That suggests pragmatism can triumph over the DUP’s more bombastic proclamations.

Whether the same will prove true for the protocol’s discussions is anybody’s guess. Things, including the EU’s legal action against the UK government, are effectively on hold until September. Officials are working behind the scenes to see what, if anything, can be done to address some of the UK (and DUP’s) concerns before grace periods begin expiring in September.

Richmond is hopeful of getting an agreement. Collins is more circumspect on what that might look like. “Brexit isn’t going to end up in a situation where everybody is 100 per cent happy. That’s just not the way Brexit is.”

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Brexit in numbers

The EU’s planned €7 entry fee for visitors from the UK has generated a predictable amount of outrage this week, but not all Britons are going to have to suck it up. 

New data from Ireland’s Department of Foreign Affairs shows that residents of Great Britain and Northern Ireland continue to dominate applications for new Irish passports that will allow them to move freely within the EU. 

In the first six months of the year, Northern Ireland and Great Britain residents accounted for 70 per cent of all first-time adult passport applications, roughly the same share they had in 2020. 

That is a big jump from the pre-Brexit year of 2015, when 39 per cent of first-time adult Irish passport applications were made by people living in Great Britain and Northern Ireland.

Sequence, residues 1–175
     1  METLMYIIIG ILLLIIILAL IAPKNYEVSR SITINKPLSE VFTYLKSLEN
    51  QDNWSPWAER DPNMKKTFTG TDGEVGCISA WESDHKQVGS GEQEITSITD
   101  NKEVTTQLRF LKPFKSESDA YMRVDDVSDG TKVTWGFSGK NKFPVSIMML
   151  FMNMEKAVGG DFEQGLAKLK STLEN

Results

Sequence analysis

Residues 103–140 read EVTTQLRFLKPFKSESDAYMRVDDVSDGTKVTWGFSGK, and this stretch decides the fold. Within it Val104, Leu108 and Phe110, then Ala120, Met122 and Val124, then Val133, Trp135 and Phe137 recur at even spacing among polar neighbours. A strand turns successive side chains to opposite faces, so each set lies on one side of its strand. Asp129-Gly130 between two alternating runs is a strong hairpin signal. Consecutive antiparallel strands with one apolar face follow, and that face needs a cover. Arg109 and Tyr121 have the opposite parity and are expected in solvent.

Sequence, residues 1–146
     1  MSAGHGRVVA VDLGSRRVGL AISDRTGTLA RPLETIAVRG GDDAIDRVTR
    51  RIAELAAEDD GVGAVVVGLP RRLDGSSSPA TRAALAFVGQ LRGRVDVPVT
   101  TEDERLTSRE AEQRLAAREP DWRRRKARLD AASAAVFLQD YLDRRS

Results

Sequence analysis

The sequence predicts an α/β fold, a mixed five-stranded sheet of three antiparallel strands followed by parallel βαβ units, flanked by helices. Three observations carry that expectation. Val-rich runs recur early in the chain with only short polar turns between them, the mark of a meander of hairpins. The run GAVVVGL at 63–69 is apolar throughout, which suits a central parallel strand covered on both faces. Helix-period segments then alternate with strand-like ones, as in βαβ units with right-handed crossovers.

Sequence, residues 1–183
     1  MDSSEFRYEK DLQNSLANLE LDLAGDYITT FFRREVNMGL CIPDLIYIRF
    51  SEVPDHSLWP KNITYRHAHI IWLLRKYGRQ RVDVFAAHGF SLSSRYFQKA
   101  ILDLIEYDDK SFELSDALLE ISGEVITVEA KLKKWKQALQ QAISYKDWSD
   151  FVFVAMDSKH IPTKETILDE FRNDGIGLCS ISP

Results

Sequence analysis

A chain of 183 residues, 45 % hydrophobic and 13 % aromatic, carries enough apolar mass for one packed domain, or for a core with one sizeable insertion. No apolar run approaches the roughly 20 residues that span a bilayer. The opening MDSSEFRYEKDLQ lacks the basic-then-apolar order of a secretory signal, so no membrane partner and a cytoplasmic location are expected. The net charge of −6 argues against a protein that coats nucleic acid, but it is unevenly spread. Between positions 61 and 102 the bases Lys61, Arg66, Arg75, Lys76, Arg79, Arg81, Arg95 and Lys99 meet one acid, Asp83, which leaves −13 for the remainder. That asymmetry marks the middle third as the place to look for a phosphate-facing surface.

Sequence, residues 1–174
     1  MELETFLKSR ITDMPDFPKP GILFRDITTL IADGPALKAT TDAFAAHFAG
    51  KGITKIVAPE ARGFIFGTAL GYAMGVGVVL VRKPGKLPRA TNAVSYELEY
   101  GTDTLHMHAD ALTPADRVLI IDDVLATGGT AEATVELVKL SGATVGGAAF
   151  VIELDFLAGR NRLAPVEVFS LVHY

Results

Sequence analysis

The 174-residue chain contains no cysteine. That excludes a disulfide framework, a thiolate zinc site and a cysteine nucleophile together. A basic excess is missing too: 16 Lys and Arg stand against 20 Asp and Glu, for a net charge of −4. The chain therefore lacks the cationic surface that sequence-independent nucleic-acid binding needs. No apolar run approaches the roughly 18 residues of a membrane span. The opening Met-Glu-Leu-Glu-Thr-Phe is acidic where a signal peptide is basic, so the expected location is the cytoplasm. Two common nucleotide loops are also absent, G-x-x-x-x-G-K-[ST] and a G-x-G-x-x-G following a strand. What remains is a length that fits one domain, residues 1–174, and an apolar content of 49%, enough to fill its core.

Irish passports have always been a bit of a free for all since anyone with an Irish-born grandparent or parent is eligible. So too are all Northern Ireland citizens, though historically Catholics have tended to opt for Irish passports and Protestants have tended to go for UK ones.

Now, it is becoming increasingly common for Northern Ireland dwellers to hold both. In the first six months of 2021, about 7,500 Northern Ireland applicants put in for their first Irish passports, almost half the 15,100 applicants from the much bigger Great Britain. 

One thorny issue that still has to be resolved on the island of Ireland is vaccine passports. Irish passport holders in Northern Ireland are so far unable to access the EU’s vaccine passports scheme (via an Irish document) because they were not vaccinated in the Republic. Political efforts to resolve the situation are ongoing. 

In the meantime, Ireland has said its pubs and restaurants will accept the paper versions of Northern Ireland’s vaccine cards for those wanting to enjoy themselves indoors.

And, finally, three unmissable stories

A wave of UK government reforms designed to make the City of London more attractive after Brexit has led to finance industry executives cancelling their summer holidays to deal with the workload. “It is overwhelming at the moment,” said one policy specialist at a large British asset manager. After months of informal consultation with the industry, the UK government has now published hundreds of pages of proposed reforms. Attracta Mooney, our investment correspondent, has been through them and reports her findings here.

The wrangling between Brussels and Big Tech has taken a notable step up over the past year, writes EU correspondent Javier Espinoza, after the EU launched antitrust probes into Google, Amazon, Facebook and Apple. But critics of the US tech companies say legislation and tougher policing — not fines — is needed to force change. They believe draft legislation, scheduled to be passed in the first half of next year, will curb the platforms’ powers.

Is Lebanon a failed state? Chloe Cornish, the FT’s Middle East correspondent, has documented the political, economic and social turmoil since an explosion last year in the port at Beirut killed more than 200 people. She tells Gideon Rachman in this podcast how decades of misgovernance led to the current crisis.